Following is a question by the Hon Claudia Mo and a reply by the Secretary for Transport and Housing, Professor Anthony Cheung Bing-leung, in the Legislative Council today (January 8):
The Court of Final Appeal has earlier handed down its judgment on an appeal case, declaring that the requirement of seven-year residence in Hong Kong stipulated by the Government for the Comprehensive Social Security Assistance Scheme was unconstitutional. As there are quite a number of government policies which accord differential treatment to permanent residents of Hong Kong (PRs) and non-PRs, some members of the public are concerned whether those policies have contravened Article 25 of the Basic Law (BL), which stipulates that "[a]ll Hong Kong residents shall be equal before the law". In this connection, will the Government inform this Council:
(1) given that non-PRs are subject to both Buyer's Stamp Duty and the enhanced ad valorem stamp duty rates, which were introduced by the Government in October 2012 and February 2013 respectively, but all PRs are not subject to the former while some PRs are not subject to the latter, whether the authorities have assessed if such taxes have contravened the aforesaid BL provision; if the assessment outcome is in the affirmative, of the solution;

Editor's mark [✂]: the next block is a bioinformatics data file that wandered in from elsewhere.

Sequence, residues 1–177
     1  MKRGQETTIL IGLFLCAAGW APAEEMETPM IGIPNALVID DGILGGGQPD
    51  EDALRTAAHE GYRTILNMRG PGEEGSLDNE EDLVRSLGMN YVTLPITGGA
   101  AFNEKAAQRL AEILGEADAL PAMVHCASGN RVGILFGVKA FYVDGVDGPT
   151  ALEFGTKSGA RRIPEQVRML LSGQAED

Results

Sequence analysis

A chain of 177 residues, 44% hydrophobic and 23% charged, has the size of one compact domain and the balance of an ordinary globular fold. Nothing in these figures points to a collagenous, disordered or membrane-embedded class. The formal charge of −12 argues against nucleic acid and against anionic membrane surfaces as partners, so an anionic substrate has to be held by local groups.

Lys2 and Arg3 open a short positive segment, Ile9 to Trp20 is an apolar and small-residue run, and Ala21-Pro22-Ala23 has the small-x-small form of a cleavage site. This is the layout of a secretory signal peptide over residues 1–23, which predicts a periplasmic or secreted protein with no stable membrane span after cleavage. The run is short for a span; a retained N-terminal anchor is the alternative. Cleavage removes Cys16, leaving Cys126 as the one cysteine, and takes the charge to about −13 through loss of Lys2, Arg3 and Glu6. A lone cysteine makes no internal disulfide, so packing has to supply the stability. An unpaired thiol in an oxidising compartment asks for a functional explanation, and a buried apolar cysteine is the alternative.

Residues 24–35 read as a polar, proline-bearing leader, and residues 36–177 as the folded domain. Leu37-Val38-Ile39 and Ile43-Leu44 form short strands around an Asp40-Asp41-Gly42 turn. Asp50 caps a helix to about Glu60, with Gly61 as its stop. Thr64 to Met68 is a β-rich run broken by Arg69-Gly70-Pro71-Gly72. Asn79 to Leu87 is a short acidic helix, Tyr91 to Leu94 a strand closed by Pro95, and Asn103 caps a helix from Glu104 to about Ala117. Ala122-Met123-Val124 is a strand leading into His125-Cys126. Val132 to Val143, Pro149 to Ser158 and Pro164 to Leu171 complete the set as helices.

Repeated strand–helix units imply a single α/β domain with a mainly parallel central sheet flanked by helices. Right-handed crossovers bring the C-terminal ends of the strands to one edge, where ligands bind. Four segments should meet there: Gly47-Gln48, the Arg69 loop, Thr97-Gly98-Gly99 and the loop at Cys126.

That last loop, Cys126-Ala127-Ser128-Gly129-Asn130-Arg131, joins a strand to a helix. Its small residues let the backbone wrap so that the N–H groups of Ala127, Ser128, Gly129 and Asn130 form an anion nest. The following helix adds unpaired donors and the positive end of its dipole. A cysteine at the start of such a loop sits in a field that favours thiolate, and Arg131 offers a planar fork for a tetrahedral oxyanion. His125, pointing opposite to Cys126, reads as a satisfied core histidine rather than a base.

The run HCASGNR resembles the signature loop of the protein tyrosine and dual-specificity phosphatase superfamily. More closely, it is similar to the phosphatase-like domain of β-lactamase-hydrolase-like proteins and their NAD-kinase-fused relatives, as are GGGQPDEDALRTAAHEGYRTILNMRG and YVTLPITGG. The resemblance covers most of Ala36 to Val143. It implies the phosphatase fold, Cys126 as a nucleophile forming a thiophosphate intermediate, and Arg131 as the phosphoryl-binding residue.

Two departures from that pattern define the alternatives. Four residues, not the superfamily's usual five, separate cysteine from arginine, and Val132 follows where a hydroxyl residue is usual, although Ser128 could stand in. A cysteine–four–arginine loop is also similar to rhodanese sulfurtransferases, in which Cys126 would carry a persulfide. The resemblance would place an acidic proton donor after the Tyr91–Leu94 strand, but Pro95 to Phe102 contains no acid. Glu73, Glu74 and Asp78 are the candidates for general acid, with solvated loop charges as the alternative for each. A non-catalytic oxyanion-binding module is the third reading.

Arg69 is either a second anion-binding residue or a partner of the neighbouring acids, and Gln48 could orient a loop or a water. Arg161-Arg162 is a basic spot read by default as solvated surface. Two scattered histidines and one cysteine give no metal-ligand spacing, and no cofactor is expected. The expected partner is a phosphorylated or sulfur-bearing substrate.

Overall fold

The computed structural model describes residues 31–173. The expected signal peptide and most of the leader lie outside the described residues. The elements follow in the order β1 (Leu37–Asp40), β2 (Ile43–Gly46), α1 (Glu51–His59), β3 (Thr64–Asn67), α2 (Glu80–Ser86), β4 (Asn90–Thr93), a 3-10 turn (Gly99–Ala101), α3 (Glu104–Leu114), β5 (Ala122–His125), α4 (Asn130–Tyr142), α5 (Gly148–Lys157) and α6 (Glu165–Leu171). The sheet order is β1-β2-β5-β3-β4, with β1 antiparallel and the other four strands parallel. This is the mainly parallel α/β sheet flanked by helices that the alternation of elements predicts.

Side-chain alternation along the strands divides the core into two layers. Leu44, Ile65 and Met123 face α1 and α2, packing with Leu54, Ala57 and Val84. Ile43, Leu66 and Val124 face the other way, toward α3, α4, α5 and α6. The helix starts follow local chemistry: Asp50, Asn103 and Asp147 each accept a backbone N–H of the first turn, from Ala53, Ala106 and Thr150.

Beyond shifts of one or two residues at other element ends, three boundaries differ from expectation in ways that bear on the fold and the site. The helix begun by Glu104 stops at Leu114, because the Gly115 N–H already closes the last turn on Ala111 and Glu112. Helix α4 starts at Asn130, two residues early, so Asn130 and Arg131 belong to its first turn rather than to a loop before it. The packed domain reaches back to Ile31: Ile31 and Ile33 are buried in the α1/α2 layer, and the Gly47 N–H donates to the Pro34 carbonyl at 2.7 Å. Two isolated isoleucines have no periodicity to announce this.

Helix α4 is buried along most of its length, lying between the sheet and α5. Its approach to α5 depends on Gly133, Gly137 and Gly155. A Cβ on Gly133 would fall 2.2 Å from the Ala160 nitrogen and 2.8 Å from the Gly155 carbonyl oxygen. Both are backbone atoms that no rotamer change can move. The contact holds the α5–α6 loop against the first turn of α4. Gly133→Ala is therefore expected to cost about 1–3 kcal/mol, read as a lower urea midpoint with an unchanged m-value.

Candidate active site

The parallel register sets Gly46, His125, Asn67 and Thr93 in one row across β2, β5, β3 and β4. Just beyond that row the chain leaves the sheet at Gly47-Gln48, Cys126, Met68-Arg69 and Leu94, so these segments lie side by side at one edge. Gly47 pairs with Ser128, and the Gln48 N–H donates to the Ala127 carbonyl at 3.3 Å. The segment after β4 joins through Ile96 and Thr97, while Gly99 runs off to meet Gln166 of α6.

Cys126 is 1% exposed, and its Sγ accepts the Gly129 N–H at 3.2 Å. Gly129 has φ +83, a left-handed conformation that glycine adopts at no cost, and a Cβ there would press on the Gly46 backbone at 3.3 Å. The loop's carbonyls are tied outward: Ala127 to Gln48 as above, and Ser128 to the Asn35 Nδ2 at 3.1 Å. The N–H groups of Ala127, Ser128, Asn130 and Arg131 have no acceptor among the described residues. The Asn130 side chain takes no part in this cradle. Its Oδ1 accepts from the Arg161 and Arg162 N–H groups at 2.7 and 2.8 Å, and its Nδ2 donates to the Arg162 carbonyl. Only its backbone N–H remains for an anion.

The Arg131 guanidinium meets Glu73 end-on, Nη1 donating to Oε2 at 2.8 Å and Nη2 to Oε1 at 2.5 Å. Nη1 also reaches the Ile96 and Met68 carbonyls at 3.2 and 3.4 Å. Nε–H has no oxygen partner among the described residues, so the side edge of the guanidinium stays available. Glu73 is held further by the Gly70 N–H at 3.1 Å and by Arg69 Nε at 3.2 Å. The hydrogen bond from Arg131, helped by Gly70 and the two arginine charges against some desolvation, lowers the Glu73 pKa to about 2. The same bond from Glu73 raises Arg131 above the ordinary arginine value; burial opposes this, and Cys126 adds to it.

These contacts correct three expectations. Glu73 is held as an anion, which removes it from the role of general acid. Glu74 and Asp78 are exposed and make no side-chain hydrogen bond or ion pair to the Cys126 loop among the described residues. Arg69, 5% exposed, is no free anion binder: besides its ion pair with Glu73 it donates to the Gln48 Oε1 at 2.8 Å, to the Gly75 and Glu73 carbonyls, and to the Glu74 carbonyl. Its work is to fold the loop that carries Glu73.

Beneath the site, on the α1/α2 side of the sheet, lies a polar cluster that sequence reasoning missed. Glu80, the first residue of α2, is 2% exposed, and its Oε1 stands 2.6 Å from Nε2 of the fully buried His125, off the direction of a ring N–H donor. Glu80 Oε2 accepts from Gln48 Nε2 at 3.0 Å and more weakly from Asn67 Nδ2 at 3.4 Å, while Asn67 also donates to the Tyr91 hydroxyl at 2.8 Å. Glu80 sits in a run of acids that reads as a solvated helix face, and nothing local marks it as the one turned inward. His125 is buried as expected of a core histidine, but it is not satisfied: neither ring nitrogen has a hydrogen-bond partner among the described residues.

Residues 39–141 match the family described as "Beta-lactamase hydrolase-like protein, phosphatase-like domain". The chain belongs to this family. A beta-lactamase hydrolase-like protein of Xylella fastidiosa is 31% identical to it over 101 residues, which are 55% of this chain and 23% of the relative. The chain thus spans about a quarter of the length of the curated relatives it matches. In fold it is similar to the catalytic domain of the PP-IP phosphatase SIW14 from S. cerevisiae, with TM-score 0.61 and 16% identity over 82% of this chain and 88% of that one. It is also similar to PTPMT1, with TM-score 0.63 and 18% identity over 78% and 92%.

(2) as the leases for the sites sold pursuant to the "Hong Kong Property for Hong Kong People" measure specify that the residential flats built on them can only be sold to PRs, whether the authorities have assessed if such terms and conditions have contravened the aforesaid BL provision; if they have assessed, of the details; if not, whether they will conduct such an assessment promptly and make public the results; and
(3) whether it has assessed if other measures and policies, which restrict business practices and accord differential treatment to different groups of residents, have contravened the aforesaid BL provision; if it has, of the outcome; if not, the reasons for that, and whether it will conduct such an assessment promptly?
The judgement of the Court of Final Appeal (CFA) made on December 17, 2013 was specific to the Comprehensive Social Security Assistance Scheme. The Court clearly stated that the judgment cannot be extrapolated for general application across the spectrum of all public services. In other words, in determining whether a difference in treatment between Hong Kong permanent residents (HKPRs) and non-HKPRs is reasonable, rational and constitutional, one has to take into account the objectives, justifications and other key factors of the relevant Government policies or services.